Skip to main content

Binding Enum with DescriptionAttribute in WPF

Binding an enumeration to a ComboBox can be done in several ways. In most cases you don't want to display the value itself, but a more user friendly description. One common approach is to use the DescriptionAttribute on the Enum values to supply a description for each value. This is all possible in a very MVVM friendly way.

First step is to add the DescriptionAttribute to the values of the enumeration.

public enum MyValues
{
    [Description("First value")]
    First,

    [Description("Second value")]
    Second
}

To retrieve the description from the enum we use a simple extension method. This method returns the value of the DescriptionAttribute if it exists, otherwise the string representation of the enum value is returned.

public static string GetDescription(this Enum value)
{
    var fieldInfo = value.GetType().GetField(value.ToString());
    var attribute = fieldInfo.GetCustomAttributes(typeof(DescriptionAttribute), false).FirstOrDefault() as DescriptionAttribute;

    return attribute != null ? attribute.Description : value.ToString();
}

With this extension method it is really easy to write a generic enum description converter to use where ever an enum value is presented to the user. But the more interesting case is where we want to present the enumeration in a ComboBox or a similar control. To accomplish this you can use a MarkupExtension. (Please note that this code is stripped from all type validation and such to be easier to read.)

public class EnumExtension : MarkupExtension
{
    private readonly Type _enumType;

    public EnumExtension(Type enumType)
    {
        _enumType = enumType;
    }

    public override object ProvideValue(IServiceProvider serviceProvider)
    {
        return (from object enumValue in Enum.GetValues(_enumType)
                select new EnumMember {Value = enumValue, Description = ((Enum)enumValue).GetDescription()}).ToArray();
    }

    public class EnumMember
    {
        public string Description { get; set; }
        public object Value { get; set; }
    }
}

The DescriptionAttribute together with these extensions gives us a really neat way of populating the values of an enum into a ComboBox.

<ComboBox SelectedValue="{Binding MyValue}"
          ItemsSource="{Binding Source={my:EnumExtension {x:Type MyValues}}}"
          DisplayMemberPath="Description" SelectedValuePath="Value" />

Comments

Post a Comment

Popular posts from this blog

Moving to the cloud - part 1

I cannot with words describe the hype around the cloud today, and of course I had to join the croud. I have transferred all my applications, files and services to the cloud. I thought I would share some of the experiences and difficulties I have hit during my jourey. These are the steps I have performed in order to complete my move to the cloud: Most of my files are safely stored with  Dropbox . E-mail accounts for stodell.se  were moved from service provider to  Google Apps . The Cornball was moved from service provider to  Windows Azure och SQL Azure . This blog was moved from Wordpress at a service provider to  Google's Blogger . Even though  Loopia has been a great service provider during many years I have now been able to cancel all my services except the domain hosting with them. The replacement being free services and the Azure capacity that is included in the MSDN subscription.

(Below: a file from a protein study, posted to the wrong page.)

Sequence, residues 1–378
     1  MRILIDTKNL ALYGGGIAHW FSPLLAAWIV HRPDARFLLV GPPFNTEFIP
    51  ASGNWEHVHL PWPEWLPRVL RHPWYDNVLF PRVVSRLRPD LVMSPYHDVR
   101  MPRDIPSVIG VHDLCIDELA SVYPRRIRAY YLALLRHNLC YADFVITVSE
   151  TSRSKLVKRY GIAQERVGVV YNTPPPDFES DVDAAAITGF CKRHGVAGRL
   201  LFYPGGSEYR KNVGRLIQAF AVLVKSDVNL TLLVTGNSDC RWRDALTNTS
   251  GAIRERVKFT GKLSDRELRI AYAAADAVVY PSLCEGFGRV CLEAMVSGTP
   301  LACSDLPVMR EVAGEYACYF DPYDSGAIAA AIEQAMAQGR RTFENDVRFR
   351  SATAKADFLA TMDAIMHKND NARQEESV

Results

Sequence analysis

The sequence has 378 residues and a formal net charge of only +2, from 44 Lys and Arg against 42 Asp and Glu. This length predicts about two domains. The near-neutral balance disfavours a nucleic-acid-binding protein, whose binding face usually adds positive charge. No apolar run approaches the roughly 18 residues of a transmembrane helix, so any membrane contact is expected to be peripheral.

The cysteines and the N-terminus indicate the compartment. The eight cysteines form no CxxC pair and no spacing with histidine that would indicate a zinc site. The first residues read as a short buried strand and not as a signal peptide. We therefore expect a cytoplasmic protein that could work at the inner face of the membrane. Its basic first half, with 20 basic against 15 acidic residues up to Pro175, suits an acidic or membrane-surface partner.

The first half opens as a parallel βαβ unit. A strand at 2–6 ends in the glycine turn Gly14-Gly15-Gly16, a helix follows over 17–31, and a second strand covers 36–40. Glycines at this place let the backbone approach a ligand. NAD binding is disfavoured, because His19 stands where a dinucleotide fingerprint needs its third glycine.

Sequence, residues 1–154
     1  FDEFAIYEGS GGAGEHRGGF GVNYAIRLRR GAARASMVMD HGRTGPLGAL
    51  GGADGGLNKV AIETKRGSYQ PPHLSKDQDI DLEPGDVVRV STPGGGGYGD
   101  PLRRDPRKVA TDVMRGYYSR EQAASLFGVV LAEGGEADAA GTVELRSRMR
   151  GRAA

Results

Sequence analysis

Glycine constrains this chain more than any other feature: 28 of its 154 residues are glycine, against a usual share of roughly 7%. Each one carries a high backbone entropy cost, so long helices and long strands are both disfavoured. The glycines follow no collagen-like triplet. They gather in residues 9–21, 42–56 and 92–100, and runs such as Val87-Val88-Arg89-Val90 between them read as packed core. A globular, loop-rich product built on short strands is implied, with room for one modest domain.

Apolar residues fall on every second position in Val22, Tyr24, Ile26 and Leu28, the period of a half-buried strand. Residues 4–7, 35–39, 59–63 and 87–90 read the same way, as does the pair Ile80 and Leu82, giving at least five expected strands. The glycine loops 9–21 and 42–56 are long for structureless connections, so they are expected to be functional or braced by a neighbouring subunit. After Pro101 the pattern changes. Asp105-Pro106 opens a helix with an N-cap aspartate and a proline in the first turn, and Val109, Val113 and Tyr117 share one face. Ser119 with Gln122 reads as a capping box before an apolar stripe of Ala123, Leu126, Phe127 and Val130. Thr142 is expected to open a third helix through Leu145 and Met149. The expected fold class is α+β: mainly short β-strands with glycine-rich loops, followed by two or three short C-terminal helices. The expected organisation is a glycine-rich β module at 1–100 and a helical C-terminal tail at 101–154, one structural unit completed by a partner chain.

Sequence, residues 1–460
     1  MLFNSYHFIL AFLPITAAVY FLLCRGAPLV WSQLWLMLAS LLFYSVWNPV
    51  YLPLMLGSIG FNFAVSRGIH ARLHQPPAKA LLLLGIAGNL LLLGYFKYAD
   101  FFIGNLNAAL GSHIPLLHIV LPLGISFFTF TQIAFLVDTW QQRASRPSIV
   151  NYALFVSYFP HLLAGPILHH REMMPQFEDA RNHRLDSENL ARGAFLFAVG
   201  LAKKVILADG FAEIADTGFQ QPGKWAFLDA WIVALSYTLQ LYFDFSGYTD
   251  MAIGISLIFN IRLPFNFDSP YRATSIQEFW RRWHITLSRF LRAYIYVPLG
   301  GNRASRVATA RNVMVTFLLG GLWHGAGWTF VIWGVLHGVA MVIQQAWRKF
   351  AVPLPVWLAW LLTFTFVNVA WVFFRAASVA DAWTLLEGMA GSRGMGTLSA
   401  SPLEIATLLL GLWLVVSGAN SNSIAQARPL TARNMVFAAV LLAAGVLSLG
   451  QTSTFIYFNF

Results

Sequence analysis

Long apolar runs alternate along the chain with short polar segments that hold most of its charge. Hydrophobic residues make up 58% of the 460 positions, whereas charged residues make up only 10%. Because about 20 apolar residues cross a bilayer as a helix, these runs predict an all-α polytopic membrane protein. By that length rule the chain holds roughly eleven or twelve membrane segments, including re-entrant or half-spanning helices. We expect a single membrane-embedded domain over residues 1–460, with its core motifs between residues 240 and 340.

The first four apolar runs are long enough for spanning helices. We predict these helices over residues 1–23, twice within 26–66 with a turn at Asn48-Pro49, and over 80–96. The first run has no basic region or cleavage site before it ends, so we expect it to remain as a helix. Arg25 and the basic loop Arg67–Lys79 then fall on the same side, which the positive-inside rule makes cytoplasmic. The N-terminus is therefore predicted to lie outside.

Binding a HTML-formatted string to a WPF WebBrowser control

Sometimes there is a need to display a HTML formatted string in a WPF application. There are a couple of ways to do this, but the most stright forward is to use a WebBrowser control and the NavigateToString method. This approach has one big flaw, you cannot use binding to a string out of the box, but I found a great solution through Stack Overflow which adds a bindable property to the  WebBrowser  control using  NavigateToString . The following class is all that is needed to add that behavior. A new depencency property named Html is introduced to the  WebBrowser  and the proper change action is performed in the OnHtmlChanged method. public class BrowserBehavior { public static readonly DependencyProperty HtmlProperty = DependencyProperty.RegisterAttached( "Html", typeof(string), typeof(BrowserBehavior), new FrameworkPropertyMetadata(OnHtmlChanged)); [AttachedPropertyBrowsableForType(typeof(WebBrowser))] public static string GetHtml(WebBrowser bro

Getting started with Silverlight

In my work with the Cornball as my first Silverlight project I have had to solve a huge amount of problems which turned out to be quite a high threshold before I could get started with the development for real. Not the least in the difference between a WinForms application and a Silverlight application. In this post I will mention a couple of the things i encountered. Splash Screen/Preloader The builtin preloader in Silverlight does not look too bad, but it is definately more fun to create a custom preloader to fit with the rest of the application. I choose to create a very simple but functional preloader. First I had to include all the images as resources in the application for the preloader to actually have a purpose. By adding the images to the project and select Resource as Build Action the images will be included in the XAP-file. To show the images in the application, something of the following will do. XAML <Image Name="Card" Source="/SilverlightApplicatio